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english department

On November 15, English adjunct instructor Shelley Stoehr-McCarthy and her family will open up their lives to the university community when a documentary film, Little Miss Westie, is screened on campus. Stoehr-McCarthy, an MFA fiction writing student who teaches composition and won the university’s prestigious Outstanding Teacher Award last year, is the mother of two transgender teenagers, and the family’s journey over the past few years has been captured in Little Miss Westie. Stoehr-McCarthy’s husband and the teens’ father, Christian McCarthy, is a doctoral student in Southern’s Educational Leadership program. The film is named after an annual beauty pageant that takes place in West Haven, where the family lives. In the film, the McCarthys’ daughter, Ren, a trans girl, competes in the Little Miss Westie Pageant, and her older brother, Luca, a trans boy, coaches her on posing, make-up, and talent. Luca competed six years ago when he was living as a girl, so he’s an experienced adviser.

When Luca came out in 2015, Stoehr-McCarthy wrote an article about his transition, and someone who works with filmmaker Dan Hunt saw the article and connected him with Stoehr-McCarthy. Hunt, with over 25 years of filmmaking experience focusing on gender, sexuality, aging, and prison reform, teamed up with documentary filmmaker Joy E. Reed and they “just started filming” the family’s day-to-day life, Stoehr-McCarthy says. Filming began during Stoehr-McCarthy’s first year at Southern, in the fall of 2016. Hunt and Reed secured grant funding and became able to hire a crew, and the film crew “followed us around for a year,” says Stoehr-McCarthy. Eventually they began to figure out the “spine” of the story, which was the beauty pageant.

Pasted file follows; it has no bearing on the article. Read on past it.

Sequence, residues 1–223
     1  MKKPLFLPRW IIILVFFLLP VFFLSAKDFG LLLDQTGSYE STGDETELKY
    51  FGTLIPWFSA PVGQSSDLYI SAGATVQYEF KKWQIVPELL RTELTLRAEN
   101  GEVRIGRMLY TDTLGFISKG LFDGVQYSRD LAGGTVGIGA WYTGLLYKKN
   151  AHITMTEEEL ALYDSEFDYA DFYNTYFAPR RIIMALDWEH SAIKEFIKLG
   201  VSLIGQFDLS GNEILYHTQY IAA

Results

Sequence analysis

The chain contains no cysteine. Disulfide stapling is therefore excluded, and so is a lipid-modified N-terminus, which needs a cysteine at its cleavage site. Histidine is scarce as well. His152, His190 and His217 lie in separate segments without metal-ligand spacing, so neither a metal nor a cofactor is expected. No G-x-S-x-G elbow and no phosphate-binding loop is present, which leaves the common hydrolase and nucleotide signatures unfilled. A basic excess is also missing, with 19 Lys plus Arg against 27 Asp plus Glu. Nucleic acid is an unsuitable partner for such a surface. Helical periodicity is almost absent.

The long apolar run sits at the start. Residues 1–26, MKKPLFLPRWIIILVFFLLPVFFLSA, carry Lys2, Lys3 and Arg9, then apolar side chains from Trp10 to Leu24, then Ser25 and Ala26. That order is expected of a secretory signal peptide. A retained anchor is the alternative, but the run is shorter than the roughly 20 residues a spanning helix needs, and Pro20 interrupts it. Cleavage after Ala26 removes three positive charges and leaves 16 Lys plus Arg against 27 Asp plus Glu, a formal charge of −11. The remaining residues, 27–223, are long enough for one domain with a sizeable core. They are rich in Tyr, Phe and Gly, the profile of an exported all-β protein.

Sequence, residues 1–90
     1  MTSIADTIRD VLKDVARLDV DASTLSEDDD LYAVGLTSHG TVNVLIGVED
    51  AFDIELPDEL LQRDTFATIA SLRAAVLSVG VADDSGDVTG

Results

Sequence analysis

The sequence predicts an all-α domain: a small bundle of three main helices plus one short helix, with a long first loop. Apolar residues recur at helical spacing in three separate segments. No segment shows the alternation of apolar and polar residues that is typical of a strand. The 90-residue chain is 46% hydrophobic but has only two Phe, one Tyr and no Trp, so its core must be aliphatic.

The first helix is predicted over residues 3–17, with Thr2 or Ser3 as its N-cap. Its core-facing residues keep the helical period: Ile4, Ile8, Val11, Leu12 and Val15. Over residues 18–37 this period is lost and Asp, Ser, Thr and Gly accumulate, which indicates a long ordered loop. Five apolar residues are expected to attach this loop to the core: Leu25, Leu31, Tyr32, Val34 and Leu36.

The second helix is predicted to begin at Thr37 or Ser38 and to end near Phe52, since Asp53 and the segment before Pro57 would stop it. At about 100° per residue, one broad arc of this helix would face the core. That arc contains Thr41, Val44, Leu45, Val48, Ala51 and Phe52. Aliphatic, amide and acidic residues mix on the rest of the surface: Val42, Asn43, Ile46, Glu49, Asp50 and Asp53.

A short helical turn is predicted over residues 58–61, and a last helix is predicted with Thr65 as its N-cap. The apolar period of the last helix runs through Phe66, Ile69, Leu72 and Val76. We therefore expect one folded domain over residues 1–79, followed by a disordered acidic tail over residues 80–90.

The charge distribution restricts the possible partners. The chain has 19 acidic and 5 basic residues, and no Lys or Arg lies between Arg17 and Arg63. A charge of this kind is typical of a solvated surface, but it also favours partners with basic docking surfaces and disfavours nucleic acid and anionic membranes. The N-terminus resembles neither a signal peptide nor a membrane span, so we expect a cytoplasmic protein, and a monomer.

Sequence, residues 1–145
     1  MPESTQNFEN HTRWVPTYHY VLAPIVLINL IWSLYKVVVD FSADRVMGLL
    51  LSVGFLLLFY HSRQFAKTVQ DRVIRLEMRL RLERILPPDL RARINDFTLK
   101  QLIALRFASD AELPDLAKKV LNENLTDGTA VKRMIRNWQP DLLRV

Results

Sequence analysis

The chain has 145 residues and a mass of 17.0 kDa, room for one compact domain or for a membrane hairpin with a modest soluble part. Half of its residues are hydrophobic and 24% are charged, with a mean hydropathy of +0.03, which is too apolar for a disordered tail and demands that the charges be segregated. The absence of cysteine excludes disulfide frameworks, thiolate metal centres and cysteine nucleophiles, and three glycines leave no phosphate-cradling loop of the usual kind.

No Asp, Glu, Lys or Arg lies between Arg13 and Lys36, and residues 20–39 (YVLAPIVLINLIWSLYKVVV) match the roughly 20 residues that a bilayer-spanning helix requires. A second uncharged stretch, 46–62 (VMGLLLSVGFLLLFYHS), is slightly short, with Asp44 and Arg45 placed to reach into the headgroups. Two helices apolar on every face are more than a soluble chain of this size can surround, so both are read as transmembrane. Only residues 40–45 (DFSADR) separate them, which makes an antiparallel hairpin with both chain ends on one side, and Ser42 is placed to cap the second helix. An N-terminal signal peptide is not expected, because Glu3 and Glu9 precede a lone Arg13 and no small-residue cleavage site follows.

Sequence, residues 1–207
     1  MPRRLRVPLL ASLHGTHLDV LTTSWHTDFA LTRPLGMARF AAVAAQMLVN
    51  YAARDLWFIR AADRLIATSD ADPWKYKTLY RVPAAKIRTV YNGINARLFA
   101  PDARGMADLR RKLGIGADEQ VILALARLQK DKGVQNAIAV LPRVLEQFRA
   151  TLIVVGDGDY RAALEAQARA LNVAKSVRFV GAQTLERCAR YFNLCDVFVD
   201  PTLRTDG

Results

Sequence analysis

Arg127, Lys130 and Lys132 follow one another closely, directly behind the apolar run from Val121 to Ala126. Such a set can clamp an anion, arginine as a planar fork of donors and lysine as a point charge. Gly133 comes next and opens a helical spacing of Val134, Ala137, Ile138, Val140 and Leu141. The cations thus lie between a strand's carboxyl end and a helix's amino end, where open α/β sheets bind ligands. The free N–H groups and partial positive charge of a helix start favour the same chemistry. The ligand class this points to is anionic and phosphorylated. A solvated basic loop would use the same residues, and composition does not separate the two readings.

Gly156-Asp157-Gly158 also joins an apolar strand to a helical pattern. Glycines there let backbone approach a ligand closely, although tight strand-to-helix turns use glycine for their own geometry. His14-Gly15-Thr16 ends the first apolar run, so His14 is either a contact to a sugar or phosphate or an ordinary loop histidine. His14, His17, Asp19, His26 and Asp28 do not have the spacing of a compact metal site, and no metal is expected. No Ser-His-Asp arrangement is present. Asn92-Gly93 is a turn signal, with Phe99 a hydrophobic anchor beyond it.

In West Haven, where the family lives, local girls are invited each spring to participate in the Little Miss Westie Pageant, held in the West Haven High School auditorium. The pageant, which usually draws about 40 participants each year, started as a fundraiser for Project Graduation, a post-graduation celebration provided for free to WHHS graduates in June.

“The 2016 presidential election changed our experience and then changed the film,” Stoehr-McCarthy says, explaining that “Trump’s election was devastating within the trans community.” A trio of groups In New Haven serves trans kids and their families, and people come from all over Connecticut to take part in these groups. Stoehr-McCarthy says that the groups’ coordinator reported that after the 2016 election, his phone line “turned into something like a suicide hotline,” as he talked to parents of trans kids to help them so that their kids weren’t terrified.

“No one knew if the federal government would suddenly turn around and say you couldn’t change your name and gender markers,” Stoehr-McCarthy says. “Everyone was trying to get documents changed as quickly as possible after the election.” The documents pertain to name-changing, Social Security, passports, and other materials related to personal identity. The family rushed to legally change the kids’ names and genders on their documents, a process that involved a court hearing. Dr. Adrian Demidont, a doctor in New Haven who specializes in the care of adolescent and adult trans- and gender-diverse individuals, ran a free document-changing clinic for trans kids in the period following the election.

Stoehr-McCarthy says that her family managed to get all their documents done by the end of 2016, “and our kids are now the same as cis children in terms of how they appear on paper.” The term “cis” refers to a person whose gender identity corresponds with the sex the person had or was identified as having at birth.

Luca, a senior at Common Ground High School in New Haven, is taking two courses at Southern in the English and political science departments and wants to be an art teacher. Ren is almost 13 and started this fall at a therapeutic school in New Haven. Both Luca and Ren have suffered with anxiety and depression. They attend the Yale Gender Program, staffed by a team of doctors and mental health professionals that provides family-centered care for children, teens, and young adults who are questioning their assigned gender and/or seeking gender-affirming consultation and treatment.